acquiunk. Thanks for the correct title for the chair. I googled the info cause I keep a file on "Famous fakes". I was amazed at how many of the experts got bamboozled by the woek.
Here is a short description of the incident by an "expert" at Brown U. who knows all parties concerned and obviously has a bias. I have worked with and in museum for 30 years and have met many curators who were very knowledgable, excellent teachers and colleagues, good friends and from whom I learned much. But many of them also set my teeth on edge. I can understand the reasons why that chair was faked.
incidently "furniture restorer" is a slight or put down and illustrative of the entire problem.
Nor is there always a profit motive. One local restorer of antique
furniture here, a decade or two ago, had his nose put out of joint
once to often by some museum curator and decided to take revenge on
the entire profession. His specialty was early American furniture, and
in that field the "holy grail" is something called a Great Brewster
Chair (made at Plymouth soon after the pilgrims arrived). Two are
known and have excellent provenances. As is common with "holy grails"
in all fields of interest to museums, there have long been rumors of a
third Great Brewster Chair. Our restorer of furniture made a replica
Chair, using 17th-century wood and old tools, invented a plausible 350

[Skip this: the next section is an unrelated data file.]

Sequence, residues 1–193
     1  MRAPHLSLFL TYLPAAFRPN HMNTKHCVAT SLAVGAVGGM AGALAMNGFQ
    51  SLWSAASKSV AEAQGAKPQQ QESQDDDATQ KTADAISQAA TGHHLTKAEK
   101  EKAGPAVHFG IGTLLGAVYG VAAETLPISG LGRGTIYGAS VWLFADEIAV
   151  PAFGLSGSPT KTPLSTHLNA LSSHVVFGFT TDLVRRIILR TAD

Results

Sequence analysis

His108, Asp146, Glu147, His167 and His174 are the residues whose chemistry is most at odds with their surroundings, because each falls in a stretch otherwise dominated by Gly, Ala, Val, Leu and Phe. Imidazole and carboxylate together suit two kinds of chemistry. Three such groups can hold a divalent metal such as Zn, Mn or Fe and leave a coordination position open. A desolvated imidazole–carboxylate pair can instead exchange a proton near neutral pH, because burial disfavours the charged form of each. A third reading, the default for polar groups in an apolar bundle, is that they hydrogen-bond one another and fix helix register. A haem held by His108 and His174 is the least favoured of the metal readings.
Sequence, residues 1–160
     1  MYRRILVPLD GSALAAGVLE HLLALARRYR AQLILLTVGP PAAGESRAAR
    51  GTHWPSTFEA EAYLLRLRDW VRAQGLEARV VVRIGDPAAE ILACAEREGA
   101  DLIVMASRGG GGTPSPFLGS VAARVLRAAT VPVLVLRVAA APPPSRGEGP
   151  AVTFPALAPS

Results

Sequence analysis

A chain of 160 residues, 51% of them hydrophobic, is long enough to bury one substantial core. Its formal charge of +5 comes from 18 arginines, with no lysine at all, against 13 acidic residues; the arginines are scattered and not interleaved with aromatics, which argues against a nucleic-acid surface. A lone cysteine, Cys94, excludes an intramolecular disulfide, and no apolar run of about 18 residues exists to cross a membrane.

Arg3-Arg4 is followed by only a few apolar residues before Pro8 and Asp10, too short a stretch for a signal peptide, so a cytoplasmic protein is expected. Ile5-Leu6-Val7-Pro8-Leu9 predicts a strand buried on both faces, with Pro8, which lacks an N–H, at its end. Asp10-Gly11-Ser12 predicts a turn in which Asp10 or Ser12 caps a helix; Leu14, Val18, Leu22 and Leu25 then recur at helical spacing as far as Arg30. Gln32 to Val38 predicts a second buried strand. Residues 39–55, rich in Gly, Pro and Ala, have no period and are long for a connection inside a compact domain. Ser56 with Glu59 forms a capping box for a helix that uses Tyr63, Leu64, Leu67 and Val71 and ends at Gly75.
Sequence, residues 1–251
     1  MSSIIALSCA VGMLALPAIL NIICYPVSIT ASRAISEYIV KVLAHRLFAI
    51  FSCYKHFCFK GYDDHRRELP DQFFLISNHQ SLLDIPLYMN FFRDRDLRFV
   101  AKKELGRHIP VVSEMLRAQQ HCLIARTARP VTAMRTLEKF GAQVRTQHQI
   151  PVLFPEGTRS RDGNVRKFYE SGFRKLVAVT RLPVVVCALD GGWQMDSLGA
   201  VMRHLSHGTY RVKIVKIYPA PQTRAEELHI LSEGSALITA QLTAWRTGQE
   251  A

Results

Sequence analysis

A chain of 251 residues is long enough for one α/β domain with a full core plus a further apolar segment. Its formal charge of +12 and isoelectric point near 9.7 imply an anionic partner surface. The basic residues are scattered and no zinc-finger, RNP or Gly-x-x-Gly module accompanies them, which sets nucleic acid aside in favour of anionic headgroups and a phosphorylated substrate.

years of history for it, put it through those 350 years by about 3
years of intense work in his workshop, and was ready to roll. (He
deliberately, however, used a modern bit to drill the holes in which
the rungs of the chair were inserted; and he carefully saved all the
pieces which had apparently gone lost due to hard usage over 350
years.) He then took this masterpiece out to one of the islands off
the Massachusetts coast, where a friend owned an early 18th century
house; and they set it out on the front porch, all battered and dirty.
The first roving antique scout who happened to drive by screeched to a
halt, spent the better part of the afternoon dealing for lesser
antiques at prices way above the normal market value, and then, as the
sun was setting and he was getting ready to depart, asked casually,
"By the way, what about that old chair on your porch?" The answer
was, "Oh that? That's a piece of junk. I had been thinking about
burning it. You may have it for free." [Observe, O reader, that no
fraud has been committed in the legal sense of the term.] Over the
next several years the chair passed from dealer to dealer, from
auction to auction, ever increasing in price, until it finally came to
rest in one of the premier museums for early American furniture. Then
our local craftsman called a press conference, produced the missing
pieces, stated that were one to pull out the rungs, one would find
that the sockets in which they fitted had been made with a tool that
had been invented only in the 20th century, and watched the fur
fly.... He had, I am told, the satisfaction -- pretty thin, by my
lights, but pleasing to him -- of utterly destroying at least one
curator's career without committing any crime that could be proven in
any court of law; which was what he had set out to do (he didn't much
care who got hurt, so long as somebody did). The chair, after a
period of seclusion, is now once again on display at the museum, as
the centerpiece in an exhibit on *forgeries* of early American
furniture (a large and usually profitable industry, albeit criminal)!
I do not know what the former curator is doing now, but the furniture
restorer continues to practice his craft and prosper.
Date: Fri, 14 Aug 1992